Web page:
Let's Not Go Back To "Normal"
(Day #67 of blogging)
Adversity has the effect of eliciting talents, which in prosperous circumstances would have lain dormant. - Horace
In the midst of the global COVID-19 pandemic, there has been the expected cry of a return to "normal."
"Normal" is the time before the pandemic struck, where everything seemed to be much better than it is now.
It's understandable for anyone in our country to pine for yesterday. The stress and pain of the present make anyone look longly towards the past. But this crisis shows that yesterday wasn't as rosy as we thought.
Take for example the following picture and headline:
Our inability as a country to prepare for the disaster the coronavirus has brought to shows that "normal" wasn't working, let alone be great.
Do we really want to return back to a "normal" where we were one crisis away from everything unfolding?
This crisis has exposed the entrenched flaws of the status quo. I don't want to be dismissive here, as it's reasonable to be afraid of the future based on the present.
Yet, if we only imagine returning back to "normal" as the solution, we rob ourselves of the chance to build a better future.
That's right. There's still a better future to be collectively (however impossible it may seem) and individually built.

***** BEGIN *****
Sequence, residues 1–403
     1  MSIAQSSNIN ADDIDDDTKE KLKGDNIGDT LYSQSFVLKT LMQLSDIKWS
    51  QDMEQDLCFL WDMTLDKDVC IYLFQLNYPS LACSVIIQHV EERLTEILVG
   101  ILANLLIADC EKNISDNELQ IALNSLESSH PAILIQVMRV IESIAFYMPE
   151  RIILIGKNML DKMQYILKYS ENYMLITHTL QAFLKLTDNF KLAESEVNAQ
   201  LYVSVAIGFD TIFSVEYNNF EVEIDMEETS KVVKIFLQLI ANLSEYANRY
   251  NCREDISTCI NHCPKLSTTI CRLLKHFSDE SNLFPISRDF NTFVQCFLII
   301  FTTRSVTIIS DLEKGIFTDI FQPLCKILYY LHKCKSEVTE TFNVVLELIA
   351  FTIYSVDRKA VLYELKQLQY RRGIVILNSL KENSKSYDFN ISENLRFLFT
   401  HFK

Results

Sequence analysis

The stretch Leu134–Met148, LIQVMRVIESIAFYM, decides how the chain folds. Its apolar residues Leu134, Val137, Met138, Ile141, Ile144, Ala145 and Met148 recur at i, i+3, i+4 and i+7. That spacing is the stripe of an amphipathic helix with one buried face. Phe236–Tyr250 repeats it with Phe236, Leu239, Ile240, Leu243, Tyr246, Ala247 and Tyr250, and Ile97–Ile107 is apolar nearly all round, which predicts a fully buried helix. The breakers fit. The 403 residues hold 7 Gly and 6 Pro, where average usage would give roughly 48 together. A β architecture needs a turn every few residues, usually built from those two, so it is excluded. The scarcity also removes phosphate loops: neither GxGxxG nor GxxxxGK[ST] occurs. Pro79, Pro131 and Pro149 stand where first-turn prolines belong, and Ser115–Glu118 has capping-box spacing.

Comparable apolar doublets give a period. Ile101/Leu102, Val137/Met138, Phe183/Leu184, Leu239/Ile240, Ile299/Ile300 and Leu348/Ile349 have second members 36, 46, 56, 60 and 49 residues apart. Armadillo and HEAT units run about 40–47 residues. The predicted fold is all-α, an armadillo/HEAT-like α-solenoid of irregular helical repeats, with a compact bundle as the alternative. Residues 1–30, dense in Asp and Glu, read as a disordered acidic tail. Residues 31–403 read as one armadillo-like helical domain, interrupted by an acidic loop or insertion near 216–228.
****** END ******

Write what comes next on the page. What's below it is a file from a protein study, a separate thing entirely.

I'm focused on creating a better individual future for myself. (I am very fortunate to have continued access to food, shelter, clothing, and the other necessities of life in a time like this. It makes me deeply sad others do not when they need them most.) This isn't to say that a collective future isn't a priority (when it comes to matters of a society, it absolutely is), it's a matter of what I can control over right now. I have control over my thoughts and actions, but not others (and rightfully so). Therefore, the only realistic option is to focus on me.
(I've started to arrive at the conclusion that the best way to change the world is to change yourself for the better. More on this in a future blog post.)
Building this better future requires understanding the failures of the present. The failure of "normal" as it is now and before the coronavirus spread to America. If I don't understand what did not work now and before, how can I reasonably expect to craft a better life? I'll be bound to making the same mistakes as before.
That's why I have been taking my time in understanding exactly what's gone wrong in our present times. Having that understanding will not only help me focus on what to do but also what NOT to do as well.
The pandemic has yielded a valuable opportunity to examine the present as it is, without our normal biases clouding our vision.
I'm not wasting this chance to look at things as they are and with open eyes and work towards a better tomorrow for myself.
I hope you don't either.